Badgley Mischka's cup runneth over with reality-television stars Tuesday morning. We spotted nearly the entire cast of The City — and, we believe, one of their film crews. Joe Zee, in addition to his duties as Elle's creative director, was drafted to act as the human shield between Erin Kaplan — whose hair looked particularly cute this morning, which is notable considering the snow — and her archrival, Olivia Palermo. We did not see them speak, if you're keeping score. But Olivia did arrive very late, and right before the show started she scurried out of her seat, ran toward the photo pit, and made sure someone got a shot of her. We guess that's the self-promoting spirit that got her on TV in the first place.
Across the runway sat Erin Lucas and Bergdorf's Samantha, neither of whom garnered too much media attention, thus proving that there may, in fact, be a God. When Erin emerged from backstage, a reporter turned to us and asked who she was. "She used to be on The City," we said. The reporter rolled her eyes. "That's TOTALLY BORING," she sniffed. We can't disagree. But not everyone from The City made their call time:
Roxy Olin's empty front-row seat was eventually given away ... to stylist Robert Verdi. We are hoping that was a seating error and not a case of Verdi needing Roxy's sloppy seconds, because he's had a job for years, and she's had one for ten seconds and we aren't even sure what it is beyond giving Whitney really awful advice in a loud voice.
We also spotted Real Housewives' Bethenny Frankel — whose baby bump was well concealed under a ruffly jacket — and HER archrival and fellow nude-poser (and poseur), Kelly Bensimon. Kelly was chatting to a Fox News crew and others about how great the people-watching is at Fashion Week — she is absolutely correct there — and about her just-released Playboy spread, which ex-hubby Gilles shot last September. "Instead of doing a colonic and fasting and stuff, I tried to eat well," she said of preparing for the shoot. "I'm from the Midwest, I have Midwestern values. And Midwestern food values." Presumably that just means she's not afraid to chew.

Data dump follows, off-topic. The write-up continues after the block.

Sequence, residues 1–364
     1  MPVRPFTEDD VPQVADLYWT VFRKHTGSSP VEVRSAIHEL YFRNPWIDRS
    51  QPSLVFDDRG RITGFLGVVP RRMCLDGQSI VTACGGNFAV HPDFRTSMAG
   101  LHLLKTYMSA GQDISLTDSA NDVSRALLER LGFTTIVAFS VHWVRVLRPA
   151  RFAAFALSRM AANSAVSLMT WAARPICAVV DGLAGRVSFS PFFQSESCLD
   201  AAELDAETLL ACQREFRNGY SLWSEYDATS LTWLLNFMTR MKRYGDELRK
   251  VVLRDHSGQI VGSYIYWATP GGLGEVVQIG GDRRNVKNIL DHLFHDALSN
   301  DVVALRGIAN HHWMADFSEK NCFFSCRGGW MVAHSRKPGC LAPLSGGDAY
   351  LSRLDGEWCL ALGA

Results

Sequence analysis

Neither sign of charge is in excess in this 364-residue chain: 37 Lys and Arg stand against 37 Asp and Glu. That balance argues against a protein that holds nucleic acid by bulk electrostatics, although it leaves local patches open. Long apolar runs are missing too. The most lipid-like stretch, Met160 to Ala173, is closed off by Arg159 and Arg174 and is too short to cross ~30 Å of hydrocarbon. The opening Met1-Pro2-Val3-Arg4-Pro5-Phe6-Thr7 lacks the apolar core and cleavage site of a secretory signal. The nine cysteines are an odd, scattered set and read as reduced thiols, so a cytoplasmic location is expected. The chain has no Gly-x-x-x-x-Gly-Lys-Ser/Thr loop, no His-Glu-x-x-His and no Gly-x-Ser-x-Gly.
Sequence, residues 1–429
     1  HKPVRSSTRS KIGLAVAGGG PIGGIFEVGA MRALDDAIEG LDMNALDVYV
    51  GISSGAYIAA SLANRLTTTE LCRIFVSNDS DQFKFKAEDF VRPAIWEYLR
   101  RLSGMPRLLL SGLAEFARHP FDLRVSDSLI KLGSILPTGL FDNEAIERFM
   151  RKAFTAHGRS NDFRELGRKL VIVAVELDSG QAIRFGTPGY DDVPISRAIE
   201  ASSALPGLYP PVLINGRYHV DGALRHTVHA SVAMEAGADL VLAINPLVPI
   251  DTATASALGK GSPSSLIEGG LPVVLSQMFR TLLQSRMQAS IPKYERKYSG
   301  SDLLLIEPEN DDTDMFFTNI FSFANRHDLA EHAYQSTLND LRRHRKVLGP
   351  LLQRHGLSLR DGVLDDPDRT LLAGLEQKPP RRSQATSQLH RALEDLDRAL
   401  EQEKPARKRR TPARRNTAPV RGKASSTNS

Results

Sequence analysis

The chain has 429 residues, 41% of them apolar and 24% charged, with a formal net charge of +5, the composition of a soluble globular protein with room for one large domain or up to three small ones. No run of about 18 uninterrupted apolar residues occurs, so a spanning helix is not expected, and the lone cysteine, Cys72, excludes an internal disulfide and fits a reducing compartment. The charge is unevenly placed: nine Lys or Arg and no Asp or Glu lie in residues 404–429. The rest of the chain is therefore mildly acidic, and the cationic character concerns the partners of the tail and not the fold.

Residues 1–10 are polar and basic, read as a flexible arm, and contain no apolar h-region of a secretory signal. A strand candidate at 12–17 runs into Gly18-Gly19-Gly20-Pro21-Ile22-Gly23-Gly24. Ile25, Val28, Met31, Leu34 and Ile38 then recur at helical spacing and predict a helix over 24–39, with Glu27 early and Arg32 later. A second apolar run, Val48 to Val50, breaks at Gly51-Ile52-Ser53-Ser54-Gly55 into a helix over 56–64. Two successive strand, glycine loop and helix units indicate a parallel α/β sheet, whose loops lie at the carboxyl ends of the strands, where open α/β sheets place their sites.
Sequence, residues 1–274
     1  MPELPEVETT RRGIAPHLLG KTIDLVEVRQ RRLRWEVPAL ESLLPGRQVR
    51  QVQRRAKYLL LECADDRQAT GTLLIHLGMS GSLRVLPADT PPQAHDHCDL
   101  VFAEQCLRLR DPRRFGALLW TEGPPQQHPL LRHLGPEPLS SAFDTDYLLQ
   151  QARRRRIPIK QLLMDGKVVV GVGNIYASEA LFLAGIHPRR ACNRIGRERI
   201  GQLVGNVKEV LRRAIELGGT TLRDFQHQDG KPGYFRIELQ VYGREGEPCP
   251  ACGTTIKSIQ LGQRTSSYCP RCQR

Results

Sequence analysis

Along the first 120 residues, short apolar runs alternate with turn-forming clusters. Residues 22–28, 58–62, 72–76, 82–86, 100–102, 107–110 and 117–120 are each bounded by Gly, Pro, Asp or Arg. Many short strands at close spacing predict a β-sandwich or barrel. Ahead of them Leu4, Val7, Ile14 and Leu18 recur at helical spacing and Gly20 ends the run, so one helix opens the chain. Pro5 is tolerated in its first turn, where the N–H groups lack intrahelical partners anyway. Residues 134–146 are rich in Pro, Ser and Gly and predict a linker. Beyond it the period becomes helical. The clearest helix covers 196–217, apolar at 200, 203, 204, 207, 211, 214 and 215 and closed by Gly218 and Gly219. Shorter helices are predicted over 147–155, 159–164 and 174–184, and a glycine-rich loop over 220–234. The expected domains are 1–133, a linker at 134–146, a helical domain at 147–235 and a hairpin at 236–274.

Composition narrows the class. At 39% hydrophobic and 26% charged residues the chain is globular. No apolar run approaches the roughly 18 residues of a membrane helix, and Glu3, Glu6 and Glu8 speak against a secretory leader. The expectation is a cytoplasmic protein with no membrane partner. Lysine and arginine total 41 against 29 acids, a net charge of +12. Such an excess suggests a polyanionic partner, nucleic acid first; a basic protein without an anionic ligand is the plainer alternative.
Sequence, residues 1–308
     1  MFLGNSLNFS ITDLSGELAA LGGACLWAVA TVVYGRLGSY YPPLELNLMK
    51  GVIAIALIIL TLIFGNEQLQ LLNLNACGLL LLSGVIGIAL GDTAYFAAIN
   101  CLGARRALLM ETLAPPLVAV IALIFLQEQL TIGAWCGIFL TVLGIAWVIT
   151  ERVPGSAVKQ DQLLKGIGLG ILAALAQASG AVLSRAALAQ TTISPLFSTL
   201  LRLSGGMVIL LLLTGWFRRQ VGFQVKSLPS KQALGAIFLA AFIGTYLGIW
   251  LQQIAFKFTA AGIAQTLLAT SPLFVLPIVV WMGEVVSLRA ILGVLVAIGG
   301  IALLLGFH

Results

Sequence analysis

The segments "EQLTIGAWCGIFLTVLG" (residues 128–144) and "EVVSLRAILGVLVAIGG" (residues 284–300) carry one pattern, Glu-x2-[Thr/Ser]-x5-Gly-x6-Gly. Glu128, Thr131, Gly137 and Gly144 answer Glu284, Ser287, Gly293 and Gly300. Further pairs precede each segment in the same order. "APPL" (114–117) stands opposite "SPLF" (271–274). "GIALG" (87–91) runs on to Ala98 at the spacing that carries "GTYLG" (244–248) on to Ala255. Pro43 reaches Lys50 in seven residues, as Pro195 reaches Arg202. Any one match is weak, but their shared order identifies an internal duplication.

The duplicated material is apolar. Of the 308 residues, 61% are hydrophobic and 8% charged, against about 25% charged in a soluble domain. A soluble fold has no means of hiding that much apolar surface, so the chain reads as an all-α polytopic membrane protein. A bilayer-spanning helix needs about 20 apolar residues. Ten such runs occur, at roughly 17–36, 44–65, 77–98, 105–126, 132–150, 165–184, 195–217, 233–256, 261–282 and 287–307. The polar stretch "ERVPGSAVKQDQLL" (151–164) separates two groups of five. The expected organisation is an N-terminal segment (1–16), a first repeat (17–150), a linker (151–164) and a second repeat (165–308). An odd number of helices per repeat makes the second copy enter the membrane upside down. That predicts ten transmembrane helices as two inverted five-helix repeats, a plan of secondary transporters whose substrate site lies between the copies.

Considering the show's wealth of reality-show personalities, it was refreshing to see actual actors in attendance as well. AnnaLynne McCord from 90210 was the last celeb to emerge from backstage, in a short tight black strapless number whose hook-and-eye closure was leaving a red mark on her back. Conversely, Mad Men's Christina Hendricks was among the first out, with her mother by her side, sitting calmly in her seat and answering questions as if it were her absolute pleasure to do it. We heard her telling someone that although this is her first official show, she feels that she's learned a lot about fashion from Mad Men — the set of which she said is convivial and involves them all hanging out together instead of in their trailers. Good to know; lucky we aren't actors on that show, because it's probably very hard to pray to a candlelit shrine to Jon Hamm and John Slattery if one is never actually in front of it.
Note: Despite what you may have read elsewhere, Hendricks is not "big." She looks completely normal to us, if by "normal" you mean, "super hot." Her skin is gorgeous, her features are rather delicate, and she seems downright petite. Even the famous bosom, which was on display in a lace shirt, looks totally manageable despite some people acting like it is large enough to require its own subway line. We thought all that talk was nonsense before, but seeing her in person, it's even stupider. She's not beautiful on different terms; she's beautiful, period. Deal with it, America.